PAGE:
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“Sleep Writer” Creates Bedtime Stories That Put Grown-Ups to Sleep

Chris Advansun is a Toronto-based sleep writer that creates his stories with one thing in mind – to make them interesting enough to get adults’ attention, but dull enough to put them to sleep.

39-year-old Advansun is a screenplay writer who sort of just got into sleep writing and fell in love with it. He just adores the challenge of balancing his grown-up bedtime stories in such a way that they gently pull the listener away from the thoughts that usually keep them up at night and then gently allow them to drift off to sleep. He has to stay away from anything attention-gripping to keep the listeners from becoming too involved in the story, but also make it interesting enough to keep them listening. For Advansun success means never reaching the end of his stories.

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ALS Sufferer “Writes” 150,000 -Word Autobiography by Blinking Billions of Times

Meet Gong Xunhui, a 62-year-old Amyotrophic Lateral Sclerosis (ALS) patient who recently wrote a detailed autobiography using only her eyes!

Gong Xunhui has been suffering from ALS for the past 12 years. She’s been confined to a wheelchair since 2006, but despite her almost complete paralysis, she has actually managed to write a 150,000-word book on her life – something that even able bodied people might struggle with. And she did it with the only part of her body she still has full control over, her eyes. 

It all started about three years ago, when Xunhui’s family bought her an eye-tracking assistive device that she could use to communicate and also control a computer. After it was installed, the first line she typed was: “I am very happy today, and after I get better at typing with my eyes, I will probably write an autobiography.”

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21-Year-Old Girl Suffering from Cerebral Palsy Writes Fiction Novel Using Only Her Left Leg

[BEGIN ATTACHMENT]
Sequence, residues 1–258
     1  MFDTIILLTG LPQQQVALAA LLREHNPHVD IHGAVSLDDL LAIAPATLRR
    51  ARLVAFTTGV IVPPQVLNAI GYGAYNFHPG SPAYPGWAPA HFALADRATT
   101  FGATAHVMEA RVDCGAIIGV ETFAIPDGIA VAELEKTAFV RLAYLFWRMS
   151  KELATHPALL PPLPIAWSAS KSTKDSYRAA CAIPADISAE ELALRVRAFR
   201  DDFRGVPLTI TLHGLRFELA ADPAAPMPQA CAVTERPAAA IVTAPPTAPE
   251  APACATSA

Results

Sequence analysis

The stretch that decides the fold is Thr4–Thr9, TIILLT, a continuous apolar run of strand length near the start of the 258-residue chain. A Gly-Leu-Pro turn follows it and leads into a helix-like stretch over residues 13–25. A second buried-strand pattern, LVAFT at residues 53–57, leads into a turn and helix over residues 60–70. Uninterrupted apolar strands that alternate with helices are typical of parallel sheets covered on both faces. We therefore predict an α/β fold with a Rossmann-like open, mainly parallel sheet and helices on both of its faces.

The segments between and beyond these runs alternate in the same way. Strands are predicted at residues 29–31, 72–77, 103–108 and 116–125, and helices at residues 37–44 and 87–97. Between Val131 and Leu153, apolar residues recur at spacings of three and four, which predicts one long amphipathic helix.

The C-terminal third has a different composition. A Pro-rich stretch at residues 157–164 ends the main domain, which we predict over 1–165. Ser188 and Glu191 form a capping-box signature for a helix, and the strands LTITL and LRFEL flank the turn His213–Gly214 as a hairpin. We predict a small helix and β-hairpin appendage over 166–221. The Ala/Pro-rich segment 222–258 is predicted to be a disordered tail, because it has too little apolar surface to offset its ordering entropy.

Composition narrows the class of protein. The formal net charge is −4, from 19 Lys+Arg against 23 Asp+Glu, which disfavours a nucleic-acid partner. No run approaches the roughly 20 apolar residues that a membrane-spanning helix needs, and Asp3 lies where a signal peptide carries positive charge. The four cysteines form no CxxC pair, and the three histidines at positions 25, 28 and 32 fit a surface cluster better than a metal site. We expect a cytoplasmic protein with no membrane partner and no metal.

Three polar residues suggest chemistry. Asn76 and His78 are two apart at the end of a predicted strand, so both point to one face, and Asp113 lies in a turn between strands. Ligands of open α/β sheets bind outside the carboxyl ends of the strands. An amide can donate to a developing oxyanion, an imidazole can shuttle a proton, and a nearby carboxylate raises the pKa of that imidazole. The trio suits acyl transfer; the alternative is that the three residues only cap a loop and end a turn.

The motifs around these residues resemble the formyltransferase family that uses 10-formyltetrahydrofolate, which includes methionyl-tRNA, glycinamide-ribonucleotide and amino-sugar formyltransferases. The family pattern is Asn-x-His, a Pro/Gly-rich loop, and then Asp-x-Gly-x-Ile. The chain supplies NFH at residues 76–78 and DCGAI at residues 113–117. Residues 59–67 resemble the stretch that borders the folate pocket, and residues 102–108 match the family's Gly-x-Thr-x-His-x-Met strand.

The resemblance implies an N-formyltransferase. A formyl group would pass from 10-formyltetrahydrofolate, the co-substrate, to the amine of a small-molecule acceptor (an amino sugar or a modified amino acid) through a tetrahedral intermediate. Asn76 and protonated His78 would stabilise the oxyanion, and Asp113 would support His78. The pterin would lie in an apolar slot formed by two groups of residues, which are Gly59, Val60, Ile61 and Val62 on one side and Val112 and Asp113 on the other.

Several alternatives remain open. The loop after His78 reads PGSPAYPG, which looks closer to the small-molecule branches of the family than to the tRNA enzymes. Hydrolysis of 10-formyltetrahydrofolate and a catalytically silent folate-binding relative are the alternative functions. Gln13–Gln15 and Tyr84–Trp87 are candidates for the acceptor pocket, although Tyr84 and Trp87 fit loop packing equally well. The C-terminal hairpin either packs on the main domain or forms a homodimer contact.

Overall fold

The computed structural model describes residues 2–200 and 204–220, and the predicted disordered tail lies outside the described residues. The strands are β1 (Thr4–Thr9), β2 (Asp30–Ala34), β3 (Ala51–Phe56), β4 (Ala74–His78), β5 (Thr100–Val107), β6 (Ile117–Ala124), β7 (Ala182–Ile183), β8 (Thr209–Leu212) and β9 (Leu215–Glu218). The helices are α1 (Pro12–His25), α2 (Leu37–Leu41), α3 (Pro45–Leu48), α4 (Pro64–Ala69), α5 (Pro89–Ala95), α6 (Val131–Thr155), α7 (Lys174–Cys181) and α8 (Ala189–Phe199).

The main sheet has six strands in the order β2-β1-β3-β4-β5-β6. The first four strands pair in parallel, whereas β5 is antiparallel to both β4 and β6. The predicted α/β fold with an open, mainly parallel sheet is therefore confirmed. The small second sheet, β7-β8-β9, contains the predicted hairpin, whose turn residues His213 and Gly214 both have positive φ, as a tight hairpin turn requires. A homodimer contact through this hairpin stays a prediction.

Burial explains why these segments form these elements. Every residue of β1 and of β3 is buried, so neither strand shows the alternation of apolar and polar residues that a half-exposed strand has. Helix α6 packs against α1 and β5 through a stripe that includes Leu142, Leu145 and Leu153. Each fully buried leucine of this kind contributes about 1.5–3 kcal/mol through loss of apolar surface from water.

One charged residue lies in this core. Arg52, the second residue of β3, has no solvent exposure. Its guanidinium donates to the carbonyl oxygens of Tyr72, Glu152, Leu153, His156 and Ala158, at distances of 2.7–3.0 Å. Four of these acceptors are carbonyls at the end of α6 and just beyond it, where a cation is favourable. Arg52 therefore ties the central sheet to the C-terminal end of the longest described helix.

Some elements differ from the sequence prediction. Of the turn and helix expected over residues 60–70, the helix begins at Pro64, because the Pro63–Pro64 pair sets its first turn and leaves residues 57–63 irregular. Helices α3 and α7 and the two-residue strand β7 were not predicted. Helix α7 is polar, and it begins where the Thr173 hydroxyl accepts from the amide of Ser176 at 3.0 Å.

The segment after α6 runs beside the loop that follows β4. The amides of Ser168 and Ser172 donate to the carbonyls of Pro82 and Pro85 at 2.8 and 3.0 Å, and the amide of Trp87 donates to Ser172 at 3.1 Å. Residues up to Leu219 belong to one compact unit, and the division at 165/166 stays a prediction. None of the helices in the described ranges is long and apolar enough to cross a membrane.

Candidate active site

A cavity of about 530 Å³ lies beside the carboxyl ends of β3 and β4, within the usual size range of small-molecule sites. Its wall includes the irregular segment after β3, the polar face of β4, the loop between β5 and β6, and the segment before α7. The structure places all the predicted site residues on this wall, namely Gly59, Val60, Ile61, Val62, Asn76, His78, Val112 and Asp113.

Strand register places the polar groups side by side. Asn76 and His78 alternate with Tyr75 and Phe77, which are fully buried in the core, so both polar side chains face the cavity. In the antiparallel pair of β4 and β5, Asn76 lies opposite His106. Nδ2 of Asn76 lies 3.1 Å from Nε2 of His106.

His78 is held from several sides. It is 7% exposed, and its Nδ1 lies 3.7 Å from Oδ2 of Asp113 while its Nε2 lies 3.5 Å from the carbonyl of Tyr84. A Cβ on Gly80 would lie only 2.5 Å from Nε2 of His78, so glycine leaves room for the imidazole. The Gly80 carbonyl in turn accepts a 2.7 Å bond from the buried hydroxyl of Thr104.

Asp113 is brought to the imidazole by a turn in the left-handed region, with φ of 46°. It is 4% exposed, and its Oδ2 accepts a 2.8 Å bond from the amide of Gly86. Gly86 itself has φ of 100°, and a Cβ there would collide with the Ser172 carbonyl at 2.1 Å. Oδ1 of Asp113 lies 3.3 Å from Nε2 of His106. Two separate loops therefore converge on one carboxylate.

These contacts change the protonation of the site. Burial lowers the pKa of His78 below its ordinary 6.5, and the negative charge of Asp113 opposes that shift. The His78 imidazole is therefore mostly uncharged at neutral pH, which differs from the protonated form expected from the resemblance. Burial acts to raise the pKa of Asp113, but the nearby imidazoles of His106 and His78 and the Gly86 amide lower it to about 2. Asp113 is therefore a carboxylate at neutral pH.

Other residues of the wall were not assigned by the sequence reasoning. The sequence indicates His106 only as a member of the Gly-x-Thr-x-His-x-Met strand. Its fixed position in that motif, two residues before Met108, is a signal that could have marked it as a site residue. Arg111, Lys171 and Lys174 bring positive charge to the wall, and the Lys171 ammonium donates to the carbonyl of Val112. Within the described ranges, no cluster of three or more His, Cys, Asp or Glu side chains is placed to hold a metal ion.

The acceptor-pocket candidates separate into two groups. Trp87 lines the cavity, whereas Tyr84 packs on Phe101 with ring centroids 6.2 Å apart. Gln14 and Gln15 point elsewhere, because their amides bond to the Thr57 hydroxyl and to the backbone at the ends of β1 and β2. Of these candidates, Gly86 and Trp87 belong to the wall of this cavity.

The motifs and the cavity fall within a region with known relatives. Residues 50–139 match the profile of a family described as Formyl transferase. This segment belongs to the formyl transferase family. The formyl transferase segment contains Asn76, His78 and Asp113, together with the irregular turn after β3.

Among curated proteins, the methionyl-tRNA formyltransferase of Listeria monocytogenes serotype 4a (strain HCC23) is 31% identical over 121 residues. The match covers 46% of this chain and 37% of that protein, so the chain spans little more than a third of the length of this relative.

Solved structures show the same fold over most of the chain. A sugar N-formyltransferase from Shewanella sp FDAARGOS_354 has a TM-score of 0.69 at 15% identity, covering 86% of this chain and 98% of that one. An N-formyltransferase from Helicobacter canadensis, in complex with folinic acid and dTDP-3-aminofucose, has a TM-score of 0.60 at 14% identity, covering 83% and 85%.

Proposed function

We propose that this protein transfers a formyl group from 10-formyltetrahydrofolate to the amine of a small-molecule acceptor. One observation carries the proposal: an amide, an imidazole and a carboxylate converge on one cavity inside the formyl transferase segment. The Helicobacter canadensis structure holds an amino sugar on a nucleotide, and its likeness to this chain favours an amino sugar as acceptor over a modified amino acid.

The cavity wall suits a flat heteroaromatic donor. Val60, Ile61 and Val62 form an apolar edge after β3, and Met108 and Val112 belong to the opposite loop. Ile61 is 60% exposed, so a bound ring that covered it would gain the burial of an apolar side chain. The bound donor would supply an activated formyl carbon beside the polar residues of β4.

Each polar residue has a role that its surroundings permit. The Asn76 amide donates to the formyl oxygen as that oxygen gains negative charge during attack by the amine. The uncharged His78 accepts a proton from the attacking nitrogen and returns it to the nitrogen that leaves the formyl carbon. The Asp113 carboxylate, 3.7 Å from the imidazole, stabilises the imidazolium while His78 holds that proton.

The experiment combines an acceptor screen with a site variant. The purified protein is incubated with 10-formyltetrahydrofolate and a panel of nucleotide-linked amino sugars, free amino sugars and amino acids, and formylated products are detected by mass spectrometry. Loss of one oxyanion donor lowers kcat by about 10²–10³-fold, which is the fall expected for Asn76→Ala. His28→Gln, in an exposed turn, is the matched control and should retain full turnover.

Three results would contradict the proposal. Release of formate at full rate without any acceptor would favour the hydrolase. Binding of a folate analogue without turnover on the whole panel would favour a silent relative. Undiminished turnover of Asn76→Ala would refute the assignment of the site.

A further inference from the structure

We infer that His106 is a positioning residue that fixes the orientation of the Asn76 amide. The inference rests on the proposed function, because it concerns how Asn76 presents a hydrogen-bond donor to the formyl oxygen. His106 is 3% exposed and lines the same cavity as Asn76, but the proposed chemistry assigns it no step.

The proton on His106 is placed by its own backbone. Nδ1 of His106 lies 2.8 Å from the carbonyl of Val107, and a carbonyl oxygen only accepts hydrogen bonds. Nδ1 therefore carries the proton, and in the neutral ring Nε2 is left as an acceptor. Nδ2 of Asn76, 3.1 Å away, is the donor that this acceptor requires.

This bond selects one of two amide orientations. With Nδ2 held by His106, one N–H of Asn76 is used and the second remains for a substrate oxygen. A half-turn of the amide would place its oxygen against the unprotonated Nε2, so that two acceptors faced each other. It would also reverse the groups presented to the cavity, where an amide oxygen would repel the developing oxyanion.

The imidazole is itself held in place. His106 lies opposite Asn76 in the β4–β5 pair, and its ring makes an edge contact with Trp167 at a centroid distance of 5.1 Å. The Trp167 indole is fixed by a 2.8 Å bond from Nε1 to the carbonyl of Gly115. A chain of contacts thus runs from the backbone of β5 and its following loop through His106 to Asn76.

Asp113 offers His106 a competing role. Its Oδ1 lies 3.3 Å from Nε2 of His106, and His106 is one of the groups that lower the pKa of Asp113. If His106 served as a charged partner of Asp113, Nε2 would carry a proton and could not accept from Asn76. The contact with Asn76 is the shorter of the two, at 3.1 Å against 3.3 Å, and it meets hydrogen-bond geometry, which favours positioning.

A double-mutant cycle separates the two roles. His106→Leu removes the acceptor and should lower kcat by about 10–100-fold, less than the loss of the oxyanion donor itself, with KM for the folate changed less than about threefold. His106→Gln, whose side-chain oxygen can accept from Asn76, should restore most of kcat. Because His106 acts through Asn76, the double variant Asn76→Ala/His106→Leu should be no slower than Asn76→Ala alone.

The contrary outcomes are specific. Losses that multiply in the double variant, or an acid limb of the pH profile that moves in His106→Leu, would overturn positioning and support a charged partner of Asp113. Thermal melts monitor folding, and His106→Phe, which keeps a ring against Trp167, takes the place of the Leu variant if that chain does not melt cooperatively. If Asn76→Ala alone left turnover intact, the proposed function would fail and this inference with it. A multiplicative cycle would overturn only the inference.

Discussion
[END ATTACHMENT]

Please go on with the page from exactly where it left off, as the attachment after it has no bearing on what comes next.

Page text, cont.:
Typing with one hand when the other one is occupied can be a real pain, so imagine having to type with just one foot. It’s got to be a nightmare, but 21-year-old  Hu Huiyuan from China’s Anhui province is using her only functional foot  to write not just a few sentences, but an entire fiction novel!

Born prematurely, Hu was diagnosed with cerebral palsy when she was only 10 months old. This left her permanently paralyzed – the only parts of her body she can move are her head and left foot. As she grew older, she learned how to perform everyday tasks using her foot.

Despite not having received formal education, Hu is surprisingly well-spoken. Over the years, with the help of her mother, she taught herself to read and write. “I’m not a genius, but I’m very focused,” she said, modestly. “When I watched TV in my childhood, I often learned words with subtitles.”

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A Void – The Famous 300-Page Book Written without a Single Letter “E”

‘E’ is the most commonly used letter in the alphabet. That’s why it’s so hard to believe that a whole novel exists without a single use of the letter ‘e’.

The book in question was originally written in French in 1969, by author Georges Perec. La Disparition (The Disappearance) is a 300-page lipogrammatic novel – a kind of book that consists of constrained writing or a word game.

There is absolutely no mention of ‘e’ throughout all 300 pages, except the author’s name of course. Even the most common word of the French language, ‘le’ (which means the), makes no appearance at all. La Disparition was later translated into English by Gilbert Adair, with the title A Void.

A-Void-letter-e

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Remarkable Chinese Girl Can Write with Both Hands at the Same Time, in Different Languages

Chen Siyuan, a young translator from Handan, China’s Hebei province, has the incredibly ability to write with both hands at the same time. Even more impressive is that fact that she can write vertically with one hand and horizontally with the other, or in two different languages.

In this age of technology, writing with both hands is not as valuable a skill as it once was, but that doesn’t make 24-year-old Chen Siyuan’s ability any less remarkable. This young English translator has been wowing onlookers with her amazing talent of writing with both hands simultaneously, in two different languages (Chinese and English). You’d be tempted to think this kind of unique capacity requires years of practice, but Chen says she discovered her ability completely by accident, during her high-school years. She was overwhelmed by the quantities of English homework, but found that she could complete respective tasks much faster by writing with both hands at the same time. “When I was in high school, I unconsciously wrote with both hands while trying to finish my homework in a hurry,” Chen told People’s Daily Online. “My classmates were curious and tried to imitate me, but none of them succeeded.”

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